The overloaded fourgon could not make it up the mountain, so we got off and walked the last mile. It was gorgeous to climb the mountain and look at the green valley below. We ran into a horseman returning from the mountain. We soon had to climb the goat path to Chiqi Vanq. The nicely polished stones were visible, but many stones from the roof and siding had been ripped-away by the violent storms that sometimes occur on the top of mountains. On the way, we noticed the little pieces of cloth tied to tree branches by pilgrims to the site. As soon as we arrived, Rosa Dadik proceeded to examine the chapel, where she obviously had been before. She pulled out a bag which turned out to be full of home-made candles that she distributed to each of us. We each lit our pair of candles in the small niches on the side of the altar. The altar was full of little mementos left by previous pilgrims, usually handkerchiefs. Rosa Dadik then went into a mild emotional trance/prayer, chanting ‘cure my grandson’ with tears in her eyes. Then she called Souren into the chapel and proceeded to feel all parts of his body in some kind of a ritual, repeating the same prayer.
When we backed out (an archaic custom which is supposed to show respect to the altar), the Մատաղ Matagh (sacrifice rooster) was waiting, seemingly aware of his destiny. Rosa Dadik took charge. She took out the knife, sharpened it quickly on the bare rocks and handed it to Souren’s young friend, who had this incredulously funny smile on his face. He proceeded to slaughter the rooster and, in a minute, Rosa Dadik had her finger in the fresh blood-soaked earth and marked Souren’s forehead with a cross, again repeating the same prayer. She did the same thing to all those present. Then they walked around the chapel a few times. The whole “ceremony” was completed in a matter of minutes but I thoroughly enjoyed the serenity of the place and the stupendous view. We could see the snowy mountain peaks around, the extinct volcano, and the Herher dam reservoir. I was sorry to leave the place, but it was late evening already, and we still had to cook and eat the sacrifice.
So we returned to the car and chose a spot under an oak tree. On the way back we each gathered whatever dead wood we could find to light a fire. In a matter of minutes, we were boiling water in a pot for the bokhi some had also gathered on the way down. Bokhi is a wild mountain green vegetable that Armenians love to eat – it tastes a bit bitter, but is supposed to cure many stomach ills. After the bokhi had boiled, it was the turn of the yet unplucked bird. The two dadiks had dipped the deceased rooster in the boiling water and unceremoniously proceeded to pluck, clean and cut it into pieces which ended up in the pot with new boiling water and salt.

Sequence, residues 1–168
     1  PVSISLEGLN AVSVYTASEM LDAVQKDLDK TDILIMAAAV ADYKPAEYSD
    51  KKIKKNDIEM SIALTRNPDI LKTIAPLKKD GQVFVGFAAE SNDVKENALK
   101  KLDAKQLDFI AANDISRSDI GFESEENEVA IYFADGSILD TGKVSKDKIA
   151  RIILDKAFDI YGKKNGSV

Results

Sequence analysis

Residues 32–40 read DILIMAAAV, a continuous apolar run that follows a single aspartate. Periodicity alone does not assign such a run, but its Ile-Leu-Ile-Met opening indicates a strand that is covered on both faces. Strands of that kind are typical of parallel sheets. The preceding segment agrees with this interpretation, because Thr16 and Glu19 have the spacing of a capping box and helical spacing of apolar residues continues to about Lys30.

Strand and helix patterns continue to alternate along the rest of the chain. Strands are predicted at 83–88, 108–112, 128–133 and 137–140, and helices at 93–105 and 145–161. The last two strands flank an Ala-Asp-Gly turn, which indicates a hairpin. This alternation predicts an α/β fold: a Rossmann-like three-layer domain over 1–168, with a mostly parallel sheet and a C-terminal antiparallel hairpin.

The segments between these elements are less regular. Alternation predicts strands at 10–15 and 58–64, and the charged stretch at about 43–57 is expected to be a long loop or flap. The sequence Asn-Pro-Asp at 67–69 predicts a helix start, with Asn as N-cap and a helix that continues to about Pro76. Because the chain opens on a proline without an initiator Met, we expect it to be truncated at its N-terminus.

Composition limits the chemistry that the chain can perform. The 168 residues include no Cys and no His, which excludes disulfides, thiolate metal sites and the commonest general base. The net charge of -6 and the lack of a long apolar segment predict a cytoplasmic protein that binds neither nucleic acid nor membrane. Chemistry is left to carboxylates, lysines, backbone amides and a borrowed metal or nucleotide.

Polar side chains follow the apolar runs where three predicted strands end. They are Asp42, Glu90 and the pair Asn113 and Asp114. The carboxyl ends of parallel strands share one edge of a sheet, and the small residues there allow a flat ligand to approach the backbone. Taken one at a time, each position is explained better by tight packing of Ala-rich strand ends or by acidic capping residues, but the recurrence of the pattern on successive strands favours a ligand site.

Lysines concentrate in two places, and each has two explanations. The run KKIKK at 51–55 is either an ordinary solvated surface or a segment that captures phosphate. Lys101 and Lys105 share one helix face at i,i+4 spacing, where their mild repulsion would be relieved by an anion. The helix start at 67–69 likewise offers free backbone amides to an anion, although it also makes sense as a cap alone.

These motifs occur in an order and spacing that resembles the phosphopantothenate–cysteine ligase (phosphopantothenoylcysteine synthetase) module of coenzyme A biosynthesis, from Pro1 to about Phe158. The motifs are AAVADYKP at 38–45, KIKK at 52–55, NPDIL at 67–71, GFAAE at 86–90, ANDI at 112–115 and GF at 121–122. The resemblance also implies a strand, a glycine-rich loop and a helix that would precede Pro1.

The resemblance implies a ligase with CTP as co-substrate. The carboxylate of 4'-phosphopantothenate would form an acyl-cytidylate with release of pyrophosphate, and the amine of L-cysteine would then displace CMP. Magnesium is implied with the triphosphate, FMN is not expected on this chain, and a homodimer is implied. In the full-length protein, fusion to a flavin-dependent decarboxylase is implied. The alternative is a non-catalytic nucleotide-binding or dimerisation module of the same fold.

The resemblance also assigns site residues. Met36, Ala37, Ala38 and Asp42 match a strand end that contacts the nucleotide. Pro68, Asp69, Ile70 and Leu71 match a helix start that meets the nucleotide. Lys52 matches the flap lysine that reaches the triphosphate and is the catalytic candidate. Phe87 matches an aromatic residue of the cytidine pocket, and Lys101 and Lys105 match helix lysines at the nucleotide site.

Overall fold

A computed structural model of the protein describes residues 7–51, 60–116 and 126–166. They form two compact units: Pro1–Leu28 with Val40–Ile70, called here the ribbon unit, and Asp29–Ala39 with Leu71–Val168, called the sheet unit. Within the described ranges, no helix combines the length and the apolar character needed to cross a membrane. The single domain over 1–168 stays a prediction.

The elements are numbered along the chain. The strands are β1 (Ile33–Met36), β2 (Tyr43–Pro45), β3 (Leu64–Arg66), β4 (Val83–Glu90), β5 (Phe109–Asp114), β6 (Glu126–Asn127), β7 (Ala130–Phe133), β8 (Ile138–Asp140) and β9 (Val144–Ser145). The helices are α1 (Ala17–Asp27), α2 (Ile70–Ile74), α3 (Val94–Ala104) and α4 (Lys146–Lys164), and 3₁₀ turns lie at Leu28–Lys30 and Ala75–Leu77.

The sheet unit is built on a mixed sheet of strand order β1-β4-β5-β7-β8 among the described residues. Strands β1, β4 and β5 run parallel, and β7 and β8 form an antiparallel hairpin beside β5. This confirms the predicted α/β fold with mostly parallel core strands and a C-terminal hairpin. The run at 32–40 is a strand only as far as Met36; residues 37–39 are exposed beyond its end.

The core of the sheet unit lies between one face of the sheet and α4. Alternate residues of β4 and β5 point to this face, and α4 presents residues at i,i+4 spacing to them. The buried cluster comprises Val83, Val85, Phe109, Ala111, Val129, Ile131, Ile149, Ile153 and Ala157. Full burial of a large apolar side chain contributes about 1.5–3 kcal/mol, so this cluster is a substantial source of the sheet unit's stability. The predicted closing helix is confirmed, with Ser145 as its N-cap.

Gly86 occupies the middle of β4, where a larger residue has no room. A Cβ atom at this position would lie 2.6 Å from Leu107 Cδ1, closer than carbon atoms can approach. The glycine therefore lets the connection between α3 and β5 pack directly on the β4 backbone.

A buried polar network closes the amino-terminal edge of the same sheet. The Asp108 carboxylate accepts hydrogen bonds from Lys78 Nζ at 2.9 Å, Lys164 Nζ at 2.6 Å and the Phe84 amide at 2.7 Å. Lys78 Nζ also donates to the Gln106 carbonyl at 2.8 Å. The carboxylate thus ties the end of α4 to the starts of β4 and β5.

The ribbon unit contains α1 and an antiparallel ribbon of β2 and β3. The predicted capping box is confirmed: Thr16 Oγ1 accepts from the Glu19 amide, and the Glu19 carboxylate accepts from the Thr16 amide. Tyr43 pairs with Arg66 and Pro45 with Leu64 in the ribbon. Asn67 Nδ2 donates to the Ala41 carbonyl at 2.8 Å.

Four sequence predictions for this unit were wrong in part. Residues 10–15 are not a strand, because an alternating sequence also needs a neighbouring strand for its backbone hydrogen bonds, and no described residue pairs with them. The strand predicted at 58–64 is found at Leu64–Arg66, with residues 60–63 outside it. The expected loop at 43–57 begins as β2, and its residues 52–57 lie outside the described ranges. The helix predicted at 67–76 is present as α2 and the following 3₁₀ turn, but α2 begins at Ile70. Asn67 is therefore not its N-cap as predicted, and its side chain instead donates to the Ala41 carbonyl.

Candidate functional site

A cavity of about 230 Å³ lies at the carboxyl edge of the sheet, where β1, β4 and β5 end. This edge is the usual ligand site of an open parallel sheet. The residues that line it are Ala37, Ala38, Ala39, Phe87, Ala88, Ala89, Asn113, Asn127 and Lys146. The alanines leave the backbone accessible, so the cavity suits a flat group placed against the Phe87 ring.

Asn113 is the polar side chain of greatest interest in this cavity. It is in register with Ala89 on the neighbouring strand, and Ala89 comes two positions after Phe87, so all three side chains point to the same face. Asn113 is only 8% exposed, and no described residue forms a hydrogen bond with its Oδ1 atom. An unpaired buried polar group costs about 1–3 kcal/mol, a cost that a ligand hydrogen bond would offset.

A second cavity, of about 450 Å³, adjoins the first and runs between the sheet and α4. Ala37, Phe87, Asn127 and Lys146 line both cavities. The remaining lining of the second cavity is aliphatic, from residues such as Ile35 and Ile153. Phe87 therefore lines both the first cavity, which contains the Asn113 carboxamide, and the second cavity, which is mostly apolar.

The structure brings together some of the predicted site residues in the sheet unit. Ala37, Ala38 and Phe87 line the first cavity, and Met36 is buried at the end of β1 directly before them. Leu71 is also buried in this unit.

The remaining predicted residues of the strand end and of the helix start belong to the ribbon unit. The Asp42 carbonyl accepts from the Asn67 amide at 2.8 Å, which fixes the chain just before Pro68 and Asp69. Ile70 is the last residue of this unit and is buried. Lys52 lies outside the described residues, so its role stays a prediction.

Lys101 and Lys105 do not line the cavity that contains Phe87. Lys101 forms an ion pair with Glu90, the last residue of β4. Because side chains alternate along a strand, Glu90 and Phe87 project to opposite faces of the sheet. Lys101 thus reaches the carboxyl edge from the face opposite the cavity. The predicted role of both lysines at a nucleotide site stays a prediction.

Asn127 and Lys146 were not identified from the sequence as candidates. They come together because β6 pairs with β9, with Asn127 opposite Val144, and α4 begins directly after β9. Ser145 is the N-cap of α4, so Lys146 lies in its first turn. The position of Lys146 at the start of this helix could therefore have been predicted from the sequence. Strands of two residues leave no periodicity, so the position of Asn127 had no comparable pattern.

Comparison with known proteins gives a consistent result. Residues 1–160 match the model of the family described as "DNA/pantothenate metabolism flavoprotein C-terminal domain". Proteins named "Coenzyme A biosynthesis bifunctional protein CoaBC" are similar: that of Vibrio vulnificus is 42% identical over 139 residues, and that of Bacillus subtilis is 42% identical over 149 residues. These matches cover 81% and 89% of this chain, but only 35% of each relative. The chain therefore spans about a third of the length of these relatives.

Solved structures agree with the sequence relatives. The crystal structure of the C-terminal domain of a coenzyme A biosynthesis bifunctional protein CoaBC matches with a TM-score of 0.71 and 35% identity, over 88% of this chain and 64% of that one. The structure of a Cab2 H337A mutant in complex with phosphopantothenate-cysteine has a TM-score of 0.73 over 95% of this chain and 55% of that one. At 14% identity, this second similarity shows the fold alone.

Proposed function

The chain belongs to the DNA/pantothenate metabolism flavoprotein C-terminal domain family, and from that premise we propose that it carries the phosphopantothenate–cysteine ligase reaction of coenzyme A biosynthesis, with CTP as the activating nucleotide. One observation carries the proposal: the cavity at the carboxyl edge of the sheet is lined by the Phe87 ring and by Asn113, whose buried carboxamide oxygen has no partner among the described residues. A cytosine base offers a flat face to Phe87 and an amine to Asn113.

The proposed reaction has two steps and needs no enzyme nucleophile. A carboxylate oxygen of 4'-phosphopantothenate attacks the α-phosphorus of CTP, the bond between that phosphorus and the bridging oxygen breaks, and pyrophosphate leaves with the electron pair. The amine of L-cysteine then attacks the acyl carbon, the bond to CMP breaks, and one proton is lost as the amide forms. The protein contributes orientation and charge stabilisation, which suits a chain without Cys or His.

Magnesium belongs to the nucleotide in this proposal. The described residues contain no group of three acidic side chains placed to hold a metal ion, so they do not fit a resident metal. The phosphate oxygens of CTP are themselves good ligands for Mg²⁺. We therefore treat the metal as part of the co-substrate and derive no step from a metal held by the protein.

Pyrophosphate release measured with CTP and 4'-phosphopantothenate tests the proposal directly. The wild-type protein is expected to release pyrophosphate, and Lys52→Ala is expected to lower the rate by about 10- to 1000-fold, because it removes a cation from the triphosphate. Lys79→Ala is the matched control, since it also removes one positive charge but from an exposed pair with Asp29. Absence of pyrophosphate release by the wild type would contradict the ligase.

You are not supposed to cover the pot when boiling a ‘Մատաղ – Matagh’, perhaps to let the smell spread so that all hungry people can join in the feast. So it took longer than usual to get this broth to a strong boil, before they could add the rice. In the meanwhile visitors from the mountain kept trickling down, and each received a small something to eat, for which they said “dzer Mataghu entounvats lini” (may your sacrifice be accepted) . We all took turns to feed the fire to get the water boiling; at one point, the pot was partly covered (would this void the cure?). Souren asked: So do I now stop all medicine I took before? To which they all answered with no hesitation: yes! Souren’s mum recounted that she had done a similar (sacrifice) at Chiqi Vanq when she was younger, and by the time she had arrived home, she had been cured.
By the time the rooster was declared boiled enough, the picnic meal had been spread: Lavash bread, panir (unripened/salted white cheese), kanachi (green herbs), tomatoes and cucumbers. Each was handed a small deep tin dish with the broth and a piece of chewy rooster. It was good. Then the oghi came out and everyone made toasts wishing Souren a speedy cure and wishing all good health.
It was almost dark when we finished eating and while some were packing, the others danced under the volcano to varied tunes from the fourgon’s sound-system.
I was back home around 11 o’clock, happy to have witnessed an age old Armenian tradition in a spontaneous way, and to have documented it with photos.
The last I heard, Souren is feeling much better and looking for a job in Yerevan. He had already stopped itching by the time he got home.